Victoria's channel deepening on time and within budget

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Victoria’s controversial Channel Deepening Project for Port Phillip Bay is on schedule for completion by August 31.

Victoria's channel deepening on time and within budget
Victoria’s channel deepening on time and within budget

Sunday, June 21 2009, marked the 500th day of operation of the Channel Deepening Project for Port Phillip Bay, which the Port Of Melbourne Corporation (PoMC) has described as Victoria’s largest marine infrastructure project and the biggest and most complex in the Port’s 150-year history.

The PoMC said dredging operations as part of the project began on February 8, 2008, and to date, some 19 million cubic metres of sand and silt have been removed which equates to approximately 83 per cent of the total amount to be dredged.

The project, it said, remains within budget and on schedule for major dredging in Port Phillip Bay to be completed by August 31.

Acknowledging the 500th day milestone, Stephen Bradford, CEO of PoMC, said the solid progress of the project was testimony to the extensive planning and development phase by the alliance with The Netherlands?based dredging company, Royal Boskalis Westminster, and to the volume of unprecedented environmental research undertaken prior to the CDP starting.

"We are pleased with the progress of the project to date. With the majority of the works completed we are on schedule, within budget and well on course to delivering this project within full compliance of environmental limits," Bradford said.

"Works have been carried out with minimal disruption to users of the Bay and we have seen no evidence to suggest dredging has impacted on its ecological health. From all accounts, the beaches are in good shape and there have been no significant effects on tides, currents and marine life.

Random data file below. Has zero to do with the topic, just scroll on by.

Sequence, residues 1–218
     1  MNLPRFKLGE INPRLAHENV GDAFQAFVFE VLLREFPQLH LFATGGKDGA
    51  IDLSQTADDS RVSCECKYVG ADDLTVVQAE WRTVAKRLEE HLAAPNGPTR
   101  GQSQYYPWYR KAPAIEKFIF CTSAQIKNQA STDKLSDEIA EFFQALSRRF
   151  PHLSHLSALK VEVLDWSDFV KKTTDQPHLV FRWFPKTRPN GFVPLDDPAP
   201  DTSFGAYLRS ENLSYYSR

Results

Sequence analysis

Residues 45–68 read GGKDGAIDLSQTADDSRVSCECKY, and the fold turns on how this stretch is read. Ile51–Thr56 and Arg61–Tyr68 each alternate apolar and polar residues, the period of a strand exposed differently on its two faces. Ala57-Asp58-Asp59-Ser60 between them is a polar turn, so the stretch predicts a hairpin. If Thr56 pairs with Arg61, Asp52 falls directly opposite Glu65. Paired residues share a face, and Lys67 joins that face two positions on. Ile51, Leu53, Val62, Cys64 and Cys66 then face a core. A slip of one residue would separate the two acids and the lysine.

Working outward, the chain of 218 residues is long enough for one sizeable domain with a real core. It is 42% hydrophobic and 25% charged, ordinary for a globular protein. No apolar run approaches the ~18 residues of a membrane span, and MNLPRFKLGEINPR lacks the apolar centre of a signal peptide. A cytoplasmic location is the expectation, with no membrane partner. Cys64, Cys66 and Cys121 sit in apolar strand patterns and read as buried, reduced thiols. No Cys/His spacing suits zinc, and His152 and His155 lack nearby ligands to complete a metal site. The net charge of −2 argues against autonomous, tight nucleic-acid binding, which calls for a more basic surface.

"This is all in line with the years of scientific research we carried out prior to the project starting," said Bradford, who added that PoMC would remain vigilant and continue to operate with a high level of diligence. "Clearly there is still work to do and we are focused on ensuring that we continue to meet the obligations set out in the project’s rule book — the Environmental Management Plan."

Works involving minor dredging in the Yarra River as well as works on navigation aids, berths and services protection are scheduled for completion by year’s end, said PoMC.

It is understood the channel deepening will modify the shipping channels to enable access for ships of up to 14m draught in all tidal conditions in the Bay and Yarra River. Currently, PoMC said the maximum draught is 11.6m without tidal assistance, and that the most recent March quarter saw approximately 60 per cent of container vessels having draught of greater than 11.6m.

"This project will allow more ships now using the Port to utilise their full draught as well as to facilitate an incremental increase in the size of ships entering the Port," said Bradford.

Photos: Channel deepening dredge, the Queen Of The Netherlands; Port Phillip Bay.

 


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